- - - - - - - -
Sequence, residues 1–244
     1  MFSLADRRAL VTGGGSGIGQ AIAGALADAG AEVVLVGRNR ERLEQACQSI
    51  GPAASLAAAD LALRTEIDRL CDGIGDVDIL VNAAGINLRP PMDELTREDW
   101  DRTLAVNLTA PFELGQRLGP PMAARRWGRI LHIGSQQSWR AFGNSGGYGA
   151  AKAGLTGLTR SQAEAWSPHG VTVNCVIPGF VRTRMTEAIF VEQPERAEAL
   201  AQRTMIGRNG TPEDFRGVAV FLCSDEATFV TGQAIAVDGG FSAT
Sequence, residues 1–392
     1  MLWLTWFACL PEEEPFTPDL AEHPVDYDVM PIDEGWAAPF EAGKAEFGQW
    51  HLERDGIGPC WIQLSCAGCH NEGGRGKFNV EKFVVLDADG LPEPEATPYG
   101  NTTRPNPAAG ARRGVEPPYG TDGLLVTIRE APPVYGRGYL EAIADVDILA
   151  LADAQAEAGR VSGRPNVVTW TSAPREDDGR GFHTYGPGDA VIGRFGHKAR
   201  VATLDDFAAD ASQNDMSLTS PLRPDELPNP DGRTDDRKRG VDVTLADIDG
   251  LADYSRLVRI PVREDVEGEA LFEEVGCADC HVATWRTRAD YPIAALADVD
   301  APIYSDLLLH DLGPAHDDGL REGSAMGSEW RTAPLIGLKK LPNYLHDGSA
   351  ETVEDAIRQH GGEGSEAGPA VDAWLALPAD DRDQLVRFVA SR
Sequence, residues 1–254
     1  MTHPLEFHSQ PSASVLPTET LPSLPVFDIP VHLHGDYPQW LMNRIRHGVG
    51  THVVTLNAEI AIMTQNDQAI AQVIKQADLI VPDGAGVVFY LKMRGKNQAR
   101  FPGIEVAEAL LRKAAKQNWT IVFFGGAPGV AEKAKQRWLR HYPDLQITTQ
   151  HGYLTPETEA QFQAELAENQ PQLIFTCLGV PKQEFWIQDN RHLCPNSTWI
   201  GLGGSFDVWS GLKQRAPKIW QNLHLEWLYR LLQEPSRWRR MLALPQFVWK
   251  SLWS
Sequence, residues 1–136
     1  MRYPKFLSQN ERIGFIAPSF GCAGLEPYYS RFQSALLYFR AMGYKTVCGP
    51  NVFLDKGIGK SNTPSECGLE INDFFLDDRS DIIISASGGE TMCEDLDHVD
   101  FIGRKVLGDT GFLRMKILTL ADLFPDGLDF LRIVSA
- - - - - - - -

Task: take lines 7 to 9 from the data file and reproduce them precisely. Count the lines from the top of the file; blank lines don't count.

Sequence, residues 1–392
     1  MLWLTWFACL PEEEPFTPDL AEHPVDYDVM PIDEGWAAPF EAGKAEFGQW
    51  HLERDGIGPC WIQLSCAGCH NEGGRGKFNV EKFVVLDADG LPEPEATPYG